Outcrop-scale fracture analysis and seismic modelling of a basin-bounding normal fault in platform carbonates, central Italy
Journal article, Peer reviewed
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Original versionJournal of Structural Geology. 2022, 155, 104515. 10.1016/j.jsg.2022.104515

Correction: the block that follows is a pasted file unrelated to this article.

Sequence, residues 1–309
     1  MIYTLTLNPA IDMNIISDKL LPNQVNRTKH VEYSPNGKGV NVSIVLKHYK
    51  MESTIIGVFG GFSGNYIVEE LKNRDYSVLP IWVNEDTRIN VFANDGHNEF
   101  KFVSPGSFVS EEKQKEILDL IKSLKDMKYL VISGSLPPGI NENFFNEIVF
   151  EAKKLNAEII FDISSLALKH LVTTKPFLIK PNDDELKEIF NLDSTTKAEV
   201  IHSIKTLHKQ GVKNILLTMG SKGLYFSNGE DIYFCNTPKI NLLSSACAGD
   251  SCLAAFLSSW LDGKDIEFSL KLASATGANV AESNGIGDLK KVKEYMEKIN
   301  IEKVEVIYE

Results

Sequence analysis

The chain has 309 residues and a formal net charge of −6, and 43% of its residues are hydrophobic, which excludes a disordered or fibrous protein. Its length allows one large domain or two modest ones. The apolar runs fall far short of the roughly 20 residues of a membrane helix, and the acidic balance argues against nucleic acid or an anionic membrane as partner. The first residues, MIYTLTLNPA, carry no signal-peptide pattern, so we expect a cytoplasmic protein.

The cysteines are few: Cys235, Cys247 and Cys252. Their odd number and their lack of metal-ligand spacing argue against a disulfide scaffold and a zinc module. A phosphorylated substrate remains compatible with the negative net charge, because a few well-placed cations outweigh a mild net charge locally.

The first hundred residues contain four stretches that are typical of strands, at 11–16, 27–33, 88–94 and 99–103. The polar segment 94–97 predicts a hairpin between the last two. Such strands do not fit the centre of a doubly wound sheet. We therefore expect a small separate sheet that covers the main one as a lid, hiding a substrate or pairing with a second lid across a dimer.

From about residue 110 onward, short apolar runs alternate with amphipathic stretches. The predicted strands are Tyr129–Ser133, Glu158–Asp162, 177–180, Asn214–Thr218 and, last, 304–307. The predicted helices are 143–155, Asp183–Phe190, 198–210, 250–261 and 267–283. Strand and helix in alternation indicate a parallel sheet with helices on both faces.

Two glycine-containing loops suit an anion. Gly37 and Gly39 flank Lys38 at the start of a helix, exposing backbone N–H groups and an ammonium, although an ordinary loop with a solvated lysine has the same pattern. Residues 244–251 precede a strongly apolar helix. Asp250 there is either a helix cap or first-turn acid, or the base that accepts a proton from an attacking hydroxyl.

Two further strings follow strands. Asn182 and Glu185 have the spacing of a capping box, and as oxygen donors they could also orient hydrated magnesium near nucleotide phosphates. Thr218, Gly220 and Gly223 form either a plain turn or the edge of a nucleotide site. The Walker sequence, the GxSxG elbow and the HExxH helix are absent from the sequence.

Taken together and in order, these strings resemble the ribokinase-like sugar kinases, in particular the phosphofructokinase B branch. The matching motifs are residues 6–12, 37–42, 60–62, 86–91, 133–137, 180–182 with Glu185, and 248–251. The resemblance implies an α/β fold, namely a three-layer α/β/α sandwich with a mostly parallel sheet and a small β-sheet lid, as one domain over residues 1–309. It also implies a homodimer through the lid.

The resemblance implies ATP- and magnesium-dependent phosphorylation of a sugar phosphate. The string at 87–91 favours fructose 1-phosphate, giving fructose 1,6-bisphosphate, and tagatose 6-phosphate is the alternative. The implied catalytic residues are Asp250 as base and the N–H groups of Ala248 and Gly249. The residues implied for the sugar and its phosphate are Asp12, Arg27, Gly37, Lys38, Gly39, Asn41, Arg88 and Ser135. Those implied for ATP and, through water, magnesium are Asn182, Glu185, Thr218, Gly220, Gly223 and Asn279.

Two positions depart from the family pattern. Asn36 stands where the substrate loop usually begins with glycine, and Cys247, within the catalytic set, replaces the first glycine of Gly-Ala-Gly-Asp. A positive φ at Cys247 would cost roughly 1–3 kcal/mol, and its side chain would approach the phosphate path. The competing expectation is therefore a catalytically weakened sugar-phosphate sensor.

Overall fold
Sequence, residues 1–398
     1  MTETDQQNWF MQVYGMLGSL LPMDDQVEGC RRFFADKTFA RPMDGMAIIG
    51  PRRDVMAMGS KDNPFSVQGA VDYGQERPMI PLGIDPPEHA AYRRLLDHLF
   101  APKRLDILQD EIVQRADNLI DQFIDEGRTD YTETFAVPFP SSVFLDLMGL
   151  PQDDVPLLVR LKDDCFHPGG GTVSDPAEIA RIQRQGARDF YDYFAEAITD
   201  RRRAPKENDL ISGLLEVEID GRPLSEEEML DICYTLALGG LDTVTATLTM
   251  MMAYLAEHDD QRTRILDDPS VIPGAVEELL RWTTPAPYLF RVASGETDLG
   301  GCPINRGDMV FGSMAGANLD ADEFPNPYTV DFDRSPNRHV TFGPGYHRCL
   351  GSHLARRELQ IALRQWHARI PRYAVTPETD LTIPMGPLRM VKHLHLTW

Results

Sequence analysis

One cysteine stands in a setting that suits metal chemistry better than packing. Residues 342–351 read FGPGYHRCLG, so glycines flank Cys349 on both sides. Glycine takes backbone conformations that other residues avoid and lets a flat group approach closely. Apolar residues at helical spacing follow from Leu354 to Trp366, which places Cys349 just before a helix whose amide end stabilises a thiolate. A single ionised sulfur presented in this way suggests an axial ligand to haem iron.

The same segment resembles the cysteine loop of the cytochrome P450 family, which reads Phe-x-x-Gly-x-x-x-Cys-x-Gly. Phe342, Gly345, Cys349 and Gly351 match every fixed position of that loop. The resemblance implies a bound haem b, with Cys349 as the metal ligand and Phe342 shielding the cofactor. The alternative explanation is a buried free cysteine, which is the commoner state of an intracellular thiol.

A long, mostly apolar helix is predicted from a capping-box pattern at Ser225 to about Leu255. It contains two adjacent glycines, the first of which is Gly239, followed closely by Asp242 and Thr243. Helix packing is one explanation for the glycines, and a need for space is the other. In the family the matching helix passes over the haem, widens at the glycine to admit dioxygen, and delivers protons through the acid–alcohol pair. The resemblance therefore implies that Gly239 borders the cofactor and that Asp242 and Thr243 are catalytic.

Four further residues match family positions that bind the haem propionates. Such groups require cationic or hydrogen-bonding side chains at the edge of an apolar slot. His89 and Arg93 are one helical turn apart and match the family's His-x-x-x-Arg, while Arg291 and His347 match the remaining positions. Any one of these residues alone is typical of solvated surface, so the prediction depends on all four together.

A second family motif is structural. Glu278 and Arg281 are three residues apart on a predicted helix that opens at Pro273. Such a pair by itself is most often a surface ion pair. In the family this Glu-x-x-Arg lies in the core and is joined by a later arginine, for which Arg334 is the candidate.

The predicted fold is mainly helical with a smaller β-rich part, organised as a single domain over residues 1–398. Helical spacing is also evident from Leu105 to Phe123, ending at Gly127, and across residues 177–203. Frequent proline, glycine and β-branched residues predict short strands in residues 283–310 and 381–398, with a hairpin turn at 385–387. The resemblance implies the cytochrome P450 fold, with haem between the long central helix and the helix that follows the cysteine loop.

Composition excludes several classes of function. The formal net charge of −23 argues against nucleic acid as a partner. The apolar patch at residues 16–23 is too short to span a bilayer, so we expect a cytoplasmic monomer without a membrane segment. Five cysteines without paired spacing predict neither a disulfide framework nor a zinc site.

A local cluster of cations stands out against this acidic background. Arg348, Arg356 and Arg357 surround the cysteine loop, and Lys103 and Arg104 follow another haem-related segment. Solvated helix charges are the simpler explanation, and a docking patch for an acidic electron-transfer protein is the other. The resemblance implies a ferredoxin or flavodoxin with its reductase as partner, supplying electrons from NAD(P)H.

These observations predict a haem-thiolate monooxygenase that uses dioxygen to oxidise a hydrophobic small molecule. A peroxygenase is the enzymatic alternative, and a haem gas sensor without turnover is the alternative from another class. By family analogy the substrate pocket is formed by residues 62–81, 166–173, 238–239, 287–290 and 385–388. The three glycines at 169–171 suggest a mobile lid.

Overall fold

Faults are characterized by a complex internal architecture. In carbonates, the geometry, attitude, and distribution of fault-related fractures and subsidiary faults can largely affect the petrophysical properties and hy draulic behavior of the fault zone. This work investigates the footwall damage zone of a seismic-scale normal fault (throw ~ 300 m) from a structural, petrophysical and seismic point of view. The studied Venere Fault (VF) bounds the intra-mountain Fucino Basin (central Italy) and crosscuts Lower Cretaceous platform carbonates. A significant portion of the footwall VF damage zone (VF-DZ) is well exposed in the 400 × 200 m Santilli Quarry. There, we assess the amount of outcrop-scale fracture porosity and permeability by in-situ fracture analyses and permeability measurements. The results show a composite power-law decay of fracture intensity away from the main slip surfaces, strongly influenced by subsidiary faults. An outcrop-based, digital 2D model of the VF-DZ is constructed and populated with acoustic properties (Vp, Vs and density) derived from both the matrix and fracture porosities. This model is enlarged five times and used for seismic modelling to investigate the seismic signature of the VF-DZ under different but realistic geological and geophysical conditions. Seismic modelling suggests that within the modelled damage zone and for wave frequencies of 20–40 Hz, seismic impedance contrasts associated with subsidiary faults may be imaged, depending on the degree of fracture porosity, fracture aperture, and the illumination angle (a measure of the maximum dip that can be imaged), the last two parameters being controlled by overburden depth. These results have implications for the seismic interpretation and characterization of fault zones in carbonates, and hence for the evaluation of fluid migration through these structures.